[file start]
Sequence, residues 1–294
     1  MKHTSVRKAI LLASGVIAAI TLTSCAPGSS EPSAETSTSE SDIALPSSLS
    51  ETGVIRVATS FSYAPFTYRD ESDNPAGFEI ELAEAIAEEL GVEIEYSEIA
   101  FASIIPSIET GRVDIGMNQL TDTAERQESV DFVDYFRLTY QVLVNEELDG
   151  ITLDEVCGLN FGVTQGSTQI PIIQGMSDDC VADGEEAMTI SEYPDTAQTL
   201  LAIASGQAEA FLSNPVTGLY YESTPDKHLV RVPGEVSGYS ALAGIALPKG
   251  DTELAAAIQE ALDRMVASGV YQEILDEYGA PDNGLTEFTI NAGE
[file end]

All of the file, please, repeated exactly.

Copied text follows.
Sequence, residues 1–294
     1  MKHTSVRKAI LLASGVIAAI TLTSCAPGSS EPSAETSTSE SDIALPSSLS
    51  ETGVIRVATS FSYAPFTYRD ESDNPAGFEI ELAEAIAEEL GVEIEYSEIA
   101  FASIIPSIET GRVDIGMNQL TDTAERQESV DFVDYFRLTY QVLVNEELDG
   151  ITLDEVCGLN FGVTQGSTQI PIIQGMSDDC VADGEEAMTI SEYPDTAQTL
   201  LAIASGQAEA FLSNPVTGLY YESTPDKHLV RVPGEVSGYS ALAGIALPKG
   251  DTELAAAIQE ALDRMVASGV YQEILDEYGA PDNGLTEFTI NAGE